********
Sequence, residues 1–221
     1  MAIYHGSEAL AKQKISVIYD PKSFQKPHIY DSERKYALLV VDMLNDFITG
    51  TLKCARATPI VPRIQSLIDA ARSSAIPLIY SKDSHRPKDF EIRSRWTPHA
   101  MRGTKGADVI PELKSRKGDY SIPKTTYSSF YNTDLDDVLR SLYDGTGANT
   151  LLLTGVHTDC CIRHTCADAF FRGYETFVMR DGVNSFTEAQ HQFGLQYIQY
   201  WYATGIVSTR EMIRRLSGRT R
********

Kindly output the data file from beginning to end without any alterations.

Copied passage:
Sequence, residues 1–221
     1  MAIYHGSEAL AKQKISVIYD PKSFQKPHIY DSERKYALLV VDMLNDFITG
    51  TLKCARATPI VPRIQSLIDA ARSSAIPLIY SKDSHRPKDF EIRSRWTPHA
   101  MRGTKGADVI PELKSRKGDY SIPKTTYSSF YNTDLDDVLR SLYDGTGANT
   151  LLLTGVHTDC CIRHTCADAF FRGYETFVMR DGVNSFTEAQ HQFGLQYIQY
   201  WYATGIVSTR EMIRRLSGRT R